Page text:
Barbara van Veen Ph.D.
Barbara van Veen teaches Corporate Foresight in Exec Ed programs of Nyenrode Business University and facilitates in-company management development programs. She has 20+ years of experience in boardroom consulting and a Ph.D. in managerial foresight.One Page CV
Why Teaching Corporate Foresight
Anticipating disruption early is a crucial competitive organizational competency and contributes to innovative, inclusive, sustainable futures.
Without Corporate Foresight, aspiring leaders meet disruption unprepared and have to learn tough management lessons at a cost to their organization.
In an increasingly uncertain world (pandemic, war, climate change, digitalization, and interwoven economies), corporate foresight is the discipline for future profitability and purpose.
(See, for instance: SLAUGHTER RA. Futures Studies as an Intellectual and Applied Discipline. American Behavioral Scientist. 1998;42(3):372-385. doi:10.1177/0002764298042003008)
We have no facts about the future, so we don't have right answers. Only the best possible answers. That makes researching or practicing -and thus teaching Foresight different from other disciplines (and also much fun).
The factlessness of the future has three significant consequences for teaching:
- Lacking facts means high uncertainty about what exactly is changing, when and how changes will impact the organization, and when and how to respond best. Learners have to practice strategizing and deciding under uncertainty. Besides dealing with the pressure of uncertainty, learners also need methods to minimize the bias-enhancing effects of uncertainty.
- Lacking facts means working with subjective opinions. For example, in Foresight, we think one person's expertise is another person's blind spot and vice versa. In other words: foresight intelligence is socially constructed. Therefore, learners must practice assembling and working with diverse teams, focusing on unique views instead of commonalities, and integrating perspectives into overarching concepts.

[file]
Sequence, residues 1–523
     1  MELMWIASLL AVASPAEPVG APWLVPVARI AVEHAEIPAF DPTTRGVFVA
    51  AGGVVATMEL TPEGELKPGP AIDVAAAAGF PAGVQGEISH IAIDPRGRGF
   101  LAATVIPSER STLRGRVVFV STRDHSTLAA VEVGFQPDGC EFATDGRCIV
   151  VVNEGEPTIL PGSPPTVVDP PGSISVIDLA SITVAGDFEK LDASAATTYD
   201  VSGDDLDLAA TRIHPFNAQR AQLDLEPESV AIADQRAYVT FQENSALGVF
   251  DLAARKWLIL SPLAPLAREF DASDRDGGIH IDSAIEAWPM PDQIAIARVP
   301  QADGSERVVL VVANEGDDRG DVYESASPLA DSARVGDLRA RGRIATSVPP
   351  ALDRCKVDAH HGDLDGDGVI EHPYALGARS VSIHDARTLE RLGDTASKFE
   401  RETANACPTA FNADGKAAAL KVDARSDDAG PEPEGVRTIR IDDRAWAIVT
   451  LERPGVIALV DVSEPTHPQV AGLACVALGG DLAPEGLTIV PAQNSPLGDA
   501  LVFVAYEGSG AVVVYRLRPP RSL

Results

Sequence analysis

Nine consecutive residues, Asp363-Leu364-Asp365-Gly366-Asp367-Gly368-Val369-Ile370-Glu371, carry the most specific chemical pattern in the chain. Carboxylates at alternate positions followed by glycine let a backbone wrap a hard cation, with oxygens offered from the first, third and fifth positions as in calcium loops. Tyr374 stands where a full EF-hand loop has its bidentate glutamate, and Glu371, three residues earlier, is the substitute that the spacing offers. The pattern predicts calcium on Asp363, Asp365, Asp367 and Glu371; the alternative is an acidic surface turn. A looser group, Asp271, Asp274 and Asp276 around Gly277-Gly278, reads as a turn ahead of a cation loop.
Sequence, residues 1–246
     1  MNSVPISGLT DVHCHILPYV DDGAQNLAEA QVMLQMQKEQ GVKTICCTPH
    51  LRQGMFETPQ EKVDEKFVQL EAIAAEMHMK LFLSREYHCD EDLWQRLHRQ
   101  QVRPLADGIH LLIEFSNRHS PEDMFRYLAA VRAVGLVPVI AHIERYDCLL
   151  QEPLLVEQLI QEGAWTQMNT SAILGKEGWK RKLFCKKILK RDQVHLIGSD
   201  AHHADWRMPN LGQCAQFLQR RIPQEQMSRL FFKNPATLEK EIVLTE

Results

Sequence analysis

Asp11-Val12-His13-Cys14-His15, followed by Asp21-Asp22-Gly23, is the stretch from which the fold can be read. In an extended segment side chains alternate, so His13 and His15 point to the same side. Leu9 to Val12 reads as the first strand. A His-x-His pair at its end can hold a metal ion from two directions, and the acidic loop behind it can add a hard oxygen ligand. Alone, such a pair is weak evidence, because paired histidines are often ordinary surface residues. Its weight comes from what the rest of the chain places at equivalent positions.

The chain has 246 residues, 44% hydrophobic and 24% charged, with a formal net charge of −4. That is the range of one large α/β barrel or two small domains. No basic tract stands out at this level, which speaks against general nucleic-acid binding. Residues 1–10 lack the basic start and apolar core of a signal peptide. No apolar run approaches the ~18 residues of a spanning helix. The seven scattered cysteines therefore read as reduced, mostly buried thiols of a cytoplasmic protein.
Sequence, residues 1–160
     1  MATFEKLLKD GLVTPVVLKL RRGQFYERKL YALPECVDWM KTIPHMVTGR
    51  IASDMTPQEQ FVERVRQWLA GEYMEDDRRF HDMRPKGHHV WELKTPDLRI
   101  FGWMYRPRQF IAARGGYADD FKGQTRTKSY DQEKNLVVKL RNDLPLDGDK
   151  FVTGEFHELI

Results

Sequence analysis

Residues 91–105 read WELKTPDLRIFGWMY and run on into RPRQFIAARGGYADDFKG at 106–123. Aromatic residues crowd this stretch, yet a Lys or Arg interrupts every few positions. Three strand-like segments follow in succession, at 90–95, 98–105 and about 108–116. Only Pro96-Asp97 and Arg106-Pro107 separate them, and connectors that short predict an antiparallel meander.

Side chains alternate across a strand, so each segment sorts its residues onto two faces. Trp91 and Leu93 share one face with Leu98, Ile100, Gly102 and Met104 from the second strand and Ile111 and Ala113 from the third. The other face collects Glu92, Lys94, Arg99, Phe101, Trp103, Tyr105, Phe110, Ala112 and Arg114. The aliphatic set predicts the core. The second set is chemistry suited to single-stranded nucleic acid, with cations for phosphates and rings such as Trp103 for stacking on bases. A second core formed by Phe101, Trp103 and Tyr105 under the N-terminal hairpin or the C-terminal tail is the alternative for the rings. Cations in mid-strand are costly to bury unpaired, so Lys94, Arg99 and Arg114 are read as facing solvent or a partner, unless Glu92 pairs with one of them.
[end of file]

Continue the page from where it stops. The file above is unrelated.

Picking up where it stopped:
- Lacking facts means we rarely start with normative models of the phenomena we study. Instead, we must work inductively (from incident to theory) and often even abductively (from surprise to plausible patterns).
The Classroom as Simulation
High uncertainty, socially constructed knowledge, and abductive approaches turn the classroom into a simulation of real-world problems. Several small but diverse teams will act as the CEO of a company right before a crucial decision. They must go through the foresight process to inform their judgment and experience the effect of not knowing the correct answer up till the end of the course. While working, they will discover the criteria for the best answer and practice actual foresight methods at the same time. They will develop competencies and skills like strategic awareness and inclusive leadership. Last but not least, they will increase their tolerance of uncertainty.
Future Leaders for Better Futures
These understandings, competencies, skills, and tolerances are a requirement for future leaders, foresight practitioners, and researchers alike. The organizational environment will become much more uncertain under climate change, digitalization, and other meta trends. Preparing learners to lead in such environments feels like a much-needed contribution to better futures.